Pinkney dwells on this story of Rikki-Tikki-Tavi, the sensible, brave mongoose adopted by an English family living in India. The animals speak to each other, so readers know how the little mongoose is aided by the tailorbird, Darzee, and his wife in escaping death from the menacing cobras who hope to kill the human family and raise their 25 hatchlings in an empty house. Excitement and danger ebb and flow throughout the illustrations for this classic story. The people are drawn with less vitality than the creatures, yet the stances and concerns of the human parents echo those of the animals for their children. Exotic flora borders garden baths; a few details—an antique inkwell—exemplify the period; yet the true strength of the large watercolors is in the framing of deadly fighting and impending attacks. Pinkney puts his heart into a story he loves, and makes it live again.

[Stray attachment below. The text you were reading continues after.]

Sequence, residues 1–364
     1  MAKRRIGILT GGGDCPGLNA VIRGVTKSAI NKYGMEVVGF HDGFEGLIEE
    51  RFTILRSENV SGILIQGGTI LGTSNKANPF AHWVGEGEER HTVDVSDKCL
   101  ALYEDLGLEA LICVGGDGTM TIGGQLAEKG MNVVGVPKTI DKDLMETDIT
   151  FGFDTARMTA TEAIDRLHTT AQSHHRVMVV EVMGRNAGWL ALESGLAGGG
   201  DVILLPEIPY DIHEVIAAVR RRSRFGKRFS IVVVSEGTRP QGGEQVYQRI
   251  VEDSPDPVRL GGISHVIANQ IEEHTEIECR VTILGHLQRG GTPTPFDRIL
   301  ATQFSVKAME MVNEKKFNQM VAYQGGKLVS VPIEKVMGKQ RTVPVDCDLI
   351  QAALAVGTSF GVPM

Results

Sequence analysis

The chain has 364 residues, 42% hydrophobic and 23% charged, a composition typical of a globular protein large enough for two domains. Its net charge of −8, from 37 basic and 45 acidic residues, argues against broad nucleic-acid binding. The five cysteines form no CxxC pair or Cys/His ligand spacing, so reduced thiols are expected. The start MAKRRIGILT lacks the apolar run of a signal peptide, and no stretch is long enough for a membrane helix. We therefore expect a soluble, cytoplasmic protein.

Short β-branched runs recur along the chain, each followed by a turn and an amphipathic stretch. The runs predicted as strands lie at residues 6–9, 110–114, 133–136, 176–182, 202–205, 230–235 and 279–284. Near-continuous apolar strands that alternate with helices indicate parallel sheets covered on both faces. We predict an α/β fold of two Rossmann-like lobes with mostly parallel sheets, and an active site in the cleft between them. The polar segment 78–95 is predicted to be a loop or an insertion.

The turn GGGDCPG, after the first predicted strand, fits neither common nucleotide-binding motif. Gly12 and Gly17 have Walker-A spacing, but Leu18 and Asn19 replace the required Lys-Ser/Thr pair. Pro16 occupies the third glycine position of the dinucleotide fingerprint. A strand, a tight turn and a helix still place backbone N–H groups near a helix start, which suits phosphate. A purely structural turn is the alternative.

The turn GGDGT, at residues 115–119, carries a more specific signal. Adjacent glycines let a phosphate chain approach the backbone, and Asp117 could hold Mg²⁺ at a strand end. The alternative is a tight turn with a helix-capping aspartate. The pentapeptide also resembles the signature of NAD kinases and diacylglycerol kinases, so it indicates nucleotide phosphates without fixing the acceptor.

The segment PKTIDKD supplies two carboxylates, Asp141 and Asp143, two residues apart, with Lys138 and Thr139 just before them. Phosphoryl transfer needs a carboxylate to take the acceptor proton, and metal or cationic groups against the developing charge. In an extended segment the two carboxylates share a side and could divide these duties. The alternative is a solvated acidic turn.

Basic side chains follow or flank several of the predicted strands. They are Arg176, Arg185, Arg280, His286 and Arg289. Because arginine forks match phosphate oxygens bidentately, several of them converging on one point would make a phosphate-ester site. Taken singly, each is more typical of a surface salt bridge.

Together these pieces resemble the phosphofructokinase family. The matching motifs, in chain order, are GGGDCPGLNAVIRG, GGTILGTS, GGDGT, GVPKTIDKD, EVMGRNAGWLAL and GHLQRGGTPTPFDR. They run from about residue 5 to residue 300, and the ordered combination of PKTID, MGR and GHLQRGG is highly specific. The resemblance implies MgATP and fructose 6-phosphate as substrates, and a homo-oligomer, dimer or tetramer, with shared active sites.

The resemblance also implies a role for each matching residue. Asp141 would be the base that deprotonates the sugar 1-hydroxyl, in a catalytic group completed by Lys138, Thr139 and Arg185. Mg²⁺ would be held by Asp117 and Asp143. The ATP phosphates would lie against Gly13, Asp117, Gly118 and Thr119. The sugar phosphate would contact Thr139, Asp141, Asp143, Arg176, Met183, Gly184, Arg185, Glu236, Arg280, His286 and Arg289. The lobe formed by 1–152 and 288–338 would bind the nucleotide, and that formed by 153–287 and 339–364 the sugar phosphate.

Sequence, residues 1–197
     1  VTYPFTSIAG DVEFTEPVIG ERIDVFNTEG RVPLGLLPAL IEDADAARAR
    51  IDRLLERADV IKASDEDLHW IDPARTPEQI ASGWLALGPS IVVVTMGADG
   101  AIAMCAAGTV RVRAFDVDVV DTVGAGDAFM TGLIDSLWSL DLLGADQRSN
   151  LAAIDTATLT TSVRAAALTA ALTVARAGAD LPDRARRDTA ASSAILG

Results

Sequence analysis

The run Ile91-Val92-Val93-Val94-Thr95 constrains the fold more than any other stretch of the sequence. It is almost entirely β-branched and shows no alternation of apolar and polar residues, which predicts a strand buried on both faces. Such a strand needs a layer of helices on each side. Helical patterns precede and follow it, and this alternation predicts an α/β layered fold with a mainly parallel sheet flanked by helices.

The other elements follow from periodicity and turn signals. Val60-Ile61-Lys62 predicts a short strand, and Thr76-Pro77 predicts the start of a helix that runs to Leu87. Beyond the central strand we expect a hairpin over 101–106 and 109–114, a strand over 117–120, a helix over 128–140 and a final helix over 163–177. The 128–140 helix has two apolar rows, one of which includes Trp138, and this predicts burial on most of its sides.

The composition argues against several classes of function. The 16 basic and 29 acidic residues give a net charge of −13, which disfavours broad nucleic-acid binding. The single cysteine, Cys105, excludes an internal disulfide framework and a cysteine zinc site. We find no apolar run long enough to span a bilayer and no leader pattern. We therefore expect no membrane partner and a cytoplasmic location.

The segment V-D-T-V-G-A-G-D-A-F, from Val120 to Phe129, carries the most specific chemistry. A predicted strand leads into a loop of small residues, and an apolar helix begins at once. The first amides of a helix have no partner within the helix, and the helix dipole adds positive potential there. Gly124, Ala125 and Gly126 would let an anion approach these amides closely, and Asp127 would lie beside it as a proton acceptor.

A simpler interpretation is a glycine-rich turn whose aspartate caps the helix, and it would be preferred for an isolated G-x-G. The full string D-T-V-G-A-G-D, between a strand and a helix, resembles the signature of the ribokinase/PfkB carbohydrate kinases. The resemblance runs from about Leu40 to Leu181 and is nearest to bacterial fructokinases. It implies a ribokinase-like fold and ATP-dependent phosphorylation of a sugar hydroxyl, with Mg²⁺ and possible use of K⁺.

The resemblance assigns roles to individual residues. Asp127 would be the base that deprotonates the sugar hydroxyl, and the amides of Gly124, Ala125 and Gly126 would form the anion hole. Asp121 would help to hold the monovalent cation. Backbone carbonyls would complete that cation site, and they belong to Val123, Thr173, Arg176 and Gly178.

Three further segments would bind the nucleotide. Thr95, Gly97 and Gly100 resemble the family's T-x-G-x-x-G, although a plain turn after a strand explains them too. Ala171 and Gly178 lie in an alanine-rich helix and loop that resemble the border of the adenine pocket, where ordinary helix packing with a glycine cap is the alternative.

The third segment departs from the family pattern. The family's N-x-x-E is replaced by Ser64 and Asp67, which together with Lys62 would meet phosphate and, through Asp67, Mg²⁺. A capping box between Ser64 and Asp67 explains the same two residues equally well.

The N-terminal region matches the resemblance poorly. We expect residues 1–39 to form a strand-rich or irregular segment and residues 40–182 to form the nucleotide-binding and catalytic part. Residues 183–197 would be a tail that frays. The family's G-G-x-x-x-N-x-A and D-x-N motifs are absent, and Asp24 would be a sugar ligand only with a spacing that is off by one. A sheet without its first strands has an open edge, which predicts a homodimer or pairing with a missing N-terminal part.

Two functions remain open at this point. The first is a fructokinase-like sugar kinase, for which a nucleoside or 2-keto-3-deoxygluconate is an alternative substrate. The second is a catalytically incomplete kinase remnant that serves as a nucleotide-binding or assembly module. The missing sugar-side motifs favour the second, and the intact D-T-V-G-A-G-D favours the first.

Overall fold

Rikki-Tikki-Tavi is an excerpt from Kipling's The Jungle Book, which we carry in a few different versions.